The agent I was dealing with is from the same agency, same office.

So, I was with the listing "Agency" but NOT with the listing "Agent"

Just thought Id clarify that.

I'm wondering at what point is an agent NOT allowed to accept further offers/contracts? IS it once contracts have been signed, but not yet exchanged or is it at exchange?

Thanks
 
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The agent I was dealing with is from the same agency, same office.So, I was with the listing "Agency" but with the listing "Agent" Just thought Id clarify that.
I understood that to be the case :)

I'm wondering at what point is an agent NOT allowed to accept further offers/contracts? IS it once contracts have been signed, but not yet exchanged or is it at exchange?

Only at the point where purchaser signs their copy (of the contract) AND pays 0.25% to the agent AND the vendor signs their copy (of the contract) AND the vendor (or the vendor's legal representative) is handed the signed purchaser's copy AND the purchaser (or the purchaser's legal representative) is handed the signed vendor's copy are the contracts considered "exchanged". ONLY then can you breath a sigh of relief.........and only then for 5 business days. :)
 
You may have been used - you may not have - let me explain....

By the sounds of it the other purchase had made an offer that was accepted and properly signed a contract and paid a deposit - the only sticking point was the settlement period.


You become interested in the property and the agent tells you the situation (maybe) and you play the game and submit a contract and deposit that you and the agent believe will secure you the property.


Now here comes the problem....

In NSW the agent MUST notify the other purchaser that a higher offer has been made (see below), and if the agent told you how much there offer was then the agent would most likely also tell the other purchaser the details of your offer.

The agent then presents both offers to the vendor and the vendor decides which one is the lucky one.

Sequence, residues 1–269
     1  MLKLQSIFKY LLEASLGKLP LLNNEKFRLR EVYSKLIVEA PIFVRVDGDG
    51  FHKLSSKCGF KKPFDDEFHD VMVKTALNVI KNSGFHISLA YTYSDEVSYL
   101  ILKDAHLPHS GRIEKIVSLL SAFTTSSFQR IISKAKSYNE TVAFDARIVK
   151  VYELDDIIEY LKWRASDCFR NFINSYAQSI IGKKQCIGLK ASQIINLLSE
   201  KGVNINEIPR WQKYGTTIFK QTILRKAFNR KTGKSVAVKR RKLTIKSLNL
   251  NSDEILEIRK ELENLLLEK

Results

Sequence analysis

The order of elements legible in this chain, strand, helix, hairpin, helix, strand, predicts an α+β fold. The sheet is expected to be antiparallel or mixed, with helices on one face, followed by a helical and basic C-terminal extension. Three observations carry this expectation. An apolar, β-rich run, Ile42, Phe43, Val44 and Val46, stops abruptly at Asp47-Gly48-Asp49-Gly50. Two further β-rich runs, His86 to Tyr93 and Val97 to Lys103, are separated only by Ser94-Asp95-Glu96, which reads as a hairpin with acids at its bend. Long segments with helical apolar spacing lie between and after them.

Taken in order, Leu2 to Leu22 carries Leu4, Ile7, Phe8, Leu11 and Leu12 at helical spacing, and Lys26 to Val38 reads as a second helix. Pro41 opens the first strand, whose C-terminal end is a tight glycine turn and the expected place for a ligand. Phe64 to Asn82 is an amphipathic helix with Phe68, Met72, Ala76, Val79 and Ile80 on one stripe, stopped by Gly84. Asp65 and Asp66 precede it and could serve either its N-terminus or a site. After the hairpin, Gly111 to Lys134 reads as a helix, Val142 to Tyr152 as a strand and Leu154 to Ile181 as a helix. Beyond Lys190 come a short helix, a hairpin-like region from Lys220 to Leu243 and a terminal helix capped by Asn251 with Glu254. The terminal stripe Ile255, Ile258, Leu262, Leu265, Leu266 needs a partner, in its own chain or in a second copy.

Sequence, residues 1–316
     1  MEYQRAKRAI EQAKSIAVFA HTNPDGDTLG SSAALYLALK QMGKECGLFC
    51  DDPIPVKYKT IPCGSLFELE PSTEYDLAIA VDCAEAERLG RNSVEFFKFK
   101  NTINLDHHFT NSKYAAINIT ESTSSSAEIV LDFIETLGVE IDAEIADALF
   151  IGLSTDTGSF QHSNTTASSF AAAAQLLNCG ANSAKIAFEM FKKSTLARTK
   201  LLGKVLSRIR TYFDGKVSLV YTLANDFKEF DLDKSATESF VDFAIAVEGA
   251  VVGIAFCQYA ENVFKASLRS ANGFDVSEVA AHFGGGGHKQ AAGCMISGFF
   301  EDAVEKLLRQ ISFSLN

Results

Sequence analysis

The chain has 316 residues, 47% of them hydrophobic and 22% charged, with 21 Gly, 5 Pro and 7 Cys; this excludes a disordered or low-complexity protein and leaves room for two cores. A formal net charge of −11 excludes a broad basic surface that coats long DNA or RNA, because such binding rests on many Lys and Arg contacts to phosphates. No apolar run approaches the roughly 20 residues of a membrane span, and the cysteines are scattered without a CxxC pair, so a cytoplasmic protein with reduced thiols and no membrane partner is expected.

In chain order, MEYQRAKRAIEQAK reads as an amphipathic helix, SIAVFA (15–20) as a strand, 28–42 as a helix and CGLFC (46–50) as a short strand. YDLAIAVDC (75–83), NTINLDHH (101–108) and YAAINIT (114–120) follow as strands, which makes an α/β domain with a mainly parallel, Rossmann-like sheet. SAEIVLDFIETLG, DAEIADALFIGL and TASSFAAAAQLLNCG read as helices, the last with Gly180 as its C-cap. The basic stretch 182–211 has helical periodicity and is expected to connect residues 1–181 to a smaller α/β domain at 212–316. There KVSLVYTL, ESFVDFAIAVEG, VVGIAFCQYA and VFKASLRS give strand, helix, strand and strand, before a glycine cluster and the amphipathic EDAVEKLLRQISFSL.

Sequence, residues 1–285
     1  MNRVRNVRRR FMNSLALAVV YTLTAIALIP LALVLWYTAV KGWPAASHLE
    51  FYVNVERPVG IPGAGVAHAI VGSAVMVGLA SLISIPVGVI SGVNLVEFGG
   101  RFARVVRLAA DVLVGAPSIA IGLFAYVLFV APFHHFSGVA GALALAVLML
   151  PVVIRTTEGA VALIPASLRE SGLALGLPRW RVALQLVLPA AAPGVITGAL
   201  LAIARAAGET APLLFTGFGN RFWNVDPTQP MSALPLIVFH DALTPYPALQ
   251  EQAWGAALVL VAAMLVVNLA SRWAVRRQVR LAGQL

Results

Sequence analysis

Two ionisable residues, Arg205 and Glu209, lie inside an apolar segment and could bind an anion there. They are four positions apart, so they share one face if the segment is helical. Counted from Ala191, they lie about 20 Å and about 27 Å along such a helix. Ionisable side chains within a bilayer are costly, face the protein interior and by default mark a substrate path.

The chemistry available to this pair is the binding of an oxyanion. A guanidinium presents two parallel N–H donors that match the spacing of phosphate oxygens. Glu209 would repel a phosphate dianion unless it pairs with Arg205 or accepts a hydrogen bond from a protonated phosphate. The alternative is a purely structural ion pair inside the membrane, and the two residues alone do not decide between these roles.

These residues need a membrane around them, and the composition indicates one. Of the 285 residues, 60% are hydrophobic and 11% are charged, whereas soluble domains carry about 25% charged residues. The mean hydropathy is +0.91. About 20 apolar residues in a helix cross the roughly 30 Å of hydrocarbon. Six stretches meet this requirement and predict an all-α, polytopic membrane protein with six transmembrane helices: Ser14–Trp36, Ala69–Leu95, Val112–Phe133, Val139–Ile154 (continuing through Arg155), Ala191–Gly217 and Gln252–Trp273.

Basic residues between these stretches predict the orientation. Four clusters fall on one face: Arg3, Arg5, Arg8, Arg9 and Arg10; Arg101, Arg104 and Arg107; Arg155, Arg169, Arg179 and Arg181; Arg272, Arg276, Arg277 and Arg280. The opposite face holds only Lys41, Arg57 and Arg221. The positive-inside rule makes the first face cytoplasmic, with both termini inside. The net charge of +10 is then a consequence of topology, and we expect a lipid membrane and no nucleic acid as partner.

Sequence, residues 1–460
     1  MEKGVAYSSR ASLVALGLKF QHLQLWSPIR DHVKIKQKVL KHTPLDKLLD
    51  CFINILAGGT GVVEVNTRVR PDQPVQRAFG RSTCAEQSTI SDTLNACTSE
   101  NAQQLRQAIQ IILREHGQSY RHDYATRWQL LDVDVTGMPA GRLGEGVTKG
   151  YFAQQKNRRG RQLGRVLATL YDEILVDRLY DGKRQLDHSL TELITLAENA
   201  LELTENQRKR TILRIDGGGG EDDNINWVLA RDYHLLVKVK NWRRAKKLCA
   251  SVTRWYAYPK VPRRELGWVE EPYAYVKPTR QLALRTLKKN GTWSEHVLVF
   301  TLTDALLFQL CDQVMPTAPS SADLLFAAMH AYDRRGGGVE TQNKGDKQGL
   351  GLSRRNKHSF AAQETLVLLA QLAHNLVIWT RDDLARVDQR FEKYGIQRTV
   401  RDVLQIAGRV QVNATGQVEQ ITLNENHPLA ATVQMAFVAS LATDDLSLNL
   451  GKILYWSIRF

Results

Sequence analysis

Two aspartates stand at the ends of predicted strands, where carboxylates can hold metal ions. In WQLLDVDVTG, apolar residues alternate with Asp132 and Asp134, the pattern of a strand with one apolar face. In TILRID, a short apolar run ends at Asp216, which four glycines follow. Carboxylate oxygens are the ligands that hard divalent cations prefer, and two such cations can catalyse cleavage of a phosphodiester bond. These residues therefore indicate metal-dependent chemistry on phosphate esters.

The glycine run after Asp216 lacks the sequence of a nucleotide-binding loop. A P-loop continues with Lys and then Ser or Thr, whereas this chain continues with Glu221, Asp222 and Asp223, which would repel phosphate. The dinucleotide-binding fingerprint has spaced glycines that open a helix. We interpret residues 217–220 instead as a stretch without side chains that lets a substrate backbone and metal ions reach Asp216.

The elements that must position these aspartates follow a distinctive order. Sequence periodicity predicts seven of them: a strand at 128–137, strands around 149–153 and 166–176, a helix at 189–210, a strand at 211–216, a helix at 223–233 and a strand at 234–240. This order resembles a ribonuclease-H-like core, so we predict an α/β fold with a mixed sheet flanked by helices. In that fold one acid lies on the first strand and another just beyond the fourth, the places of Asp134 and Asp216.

PROPERTY, STOCK AND BUSINESS AGENTS REGULATION 2003 - SCHEDULE 2

Clause 5

(3) The agent must promptly inform the person who paid the deposit when the agent becomes aware of any subsequent offer to purchase the property received from any other person. The agent must also advise the person who paid the deposit that they have the right to make further offers up until exchange of contracts has taken place.
 
I'm sorry to hear your news, Gregory.

I haven't bought in Sydney for years. Give me Queensland Contracts any day. :)

Regards JO
 
Just drop a short note in the vendors letter box thanking them for the consideration of your offer. While you weren't given the opportunity to increase your offer, which you would have, you wish them all the best.
 
The sad thing is I was prepared to go higher if given the chance

....but you were given a chance, you just chose not to take it.


so the seller has been left short too!

No - incorrect - the Seller chose the best of the two that was presented to them. The Seller had no idea you were playing silly buggers, were prepared to pay more but didn't indicate that on the paperwork submitted for their review.


The rest of your post is just noise because you are frustrated with yourself and looking for any dog to kick. No one to blame but yourself.
 
The Seller had no idea you were playing silly buggers, were prepared to pay more but didn't indicate that on the paperwork submitted for their review.
How is this "playing silly buggers"?

Do you advocate offering top dollar as the opening play?

And who is ever going to write on an offer "I'm offering $X but I'm prepared to pay more"? :rolleyes: What should he have put on the paperwork?